My older and wiser brother knew everything. His authority on matters of life and death was unquestioned; my trust in him, implicit. He loved me as older brothers do, and I followed him like an adoring groupie. If he said a monster was outside the tent preparing to tear my face off, then it would be best to say my prayers.

Cider and balance
Eventually the terrors of the night gave way to a peaceful morning. I emerged from our tent with sticky eyes and a foggy brain. Expecting to see devastation and carnage around me, I was shocked when my mother cheerfully asked if I’d slept well.

“Did I sleep well? How could I sleep when people were dying around me?” I said.

“What?” My mother looked at me as if I were a 4-year-old who’d had a bad dream.

“It was the Mogollon Monster,” I said, pointing to Mark, who cringed while I spoke. “He told me the monster was killing those people over there and was going to kill us next.”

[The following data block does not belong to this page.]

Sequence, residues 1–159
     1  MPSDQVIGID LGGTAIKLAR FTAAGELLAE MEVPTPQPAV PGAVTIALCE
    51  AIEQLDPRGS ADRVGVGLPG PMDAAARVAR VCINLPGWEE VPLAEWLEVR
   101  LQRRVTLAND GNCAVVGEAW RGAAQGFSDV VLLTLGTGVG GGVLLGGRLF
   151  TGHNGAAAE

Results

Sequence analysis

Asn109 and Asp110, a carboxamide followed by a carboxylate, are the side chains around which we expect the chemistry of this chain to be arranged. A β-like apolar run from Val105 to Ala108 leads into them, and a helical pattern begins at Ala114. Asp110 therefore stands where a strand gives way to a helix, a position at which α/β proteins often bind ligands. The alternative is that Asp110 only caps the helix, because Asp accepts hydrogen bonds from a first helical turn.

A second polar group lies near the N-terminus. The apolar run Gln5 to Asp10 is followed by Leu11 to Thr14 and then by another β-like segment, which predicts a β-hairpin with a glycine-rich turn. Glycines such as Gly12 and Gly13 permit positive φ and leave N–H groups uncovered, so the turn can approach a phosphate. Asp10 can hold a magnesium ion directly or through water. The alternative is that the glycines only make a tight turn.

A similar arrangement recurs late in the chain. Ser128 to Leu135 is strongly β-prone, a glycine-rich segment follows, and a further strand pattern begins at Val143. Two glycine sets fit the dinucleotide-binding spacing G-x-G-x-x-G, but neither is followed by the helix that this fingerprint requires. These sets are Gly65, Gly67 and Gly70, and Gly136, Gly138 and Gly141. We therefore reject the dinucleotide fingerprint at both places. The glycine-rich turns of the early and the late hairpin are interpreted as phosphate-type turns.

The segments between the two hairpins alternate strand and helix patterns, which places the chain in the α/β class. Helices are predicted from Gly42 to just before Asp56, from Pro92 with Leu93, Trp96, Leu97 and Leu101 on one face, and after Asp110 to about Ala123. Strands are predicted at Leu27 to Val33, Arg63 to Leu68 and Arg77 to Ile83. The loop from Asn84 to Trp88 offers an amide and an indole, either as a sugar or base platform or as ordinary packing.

His face turned pink as he stammered that he just wanted to scare me a little. He was only playing a joke. I mean, really, who would believe something that crazy?

A little sister would.

While Mark scrubbed my breakfast dishes with a tiny sponge, I watched from a comfortable lawn chair, sipping hot cider.

We learned a valuable lesson that day which forever altered our relationship and balanced the scale of power between us. Although big brothers may be experts at playing jokes on little sisters, little sisters are experts at telling on them.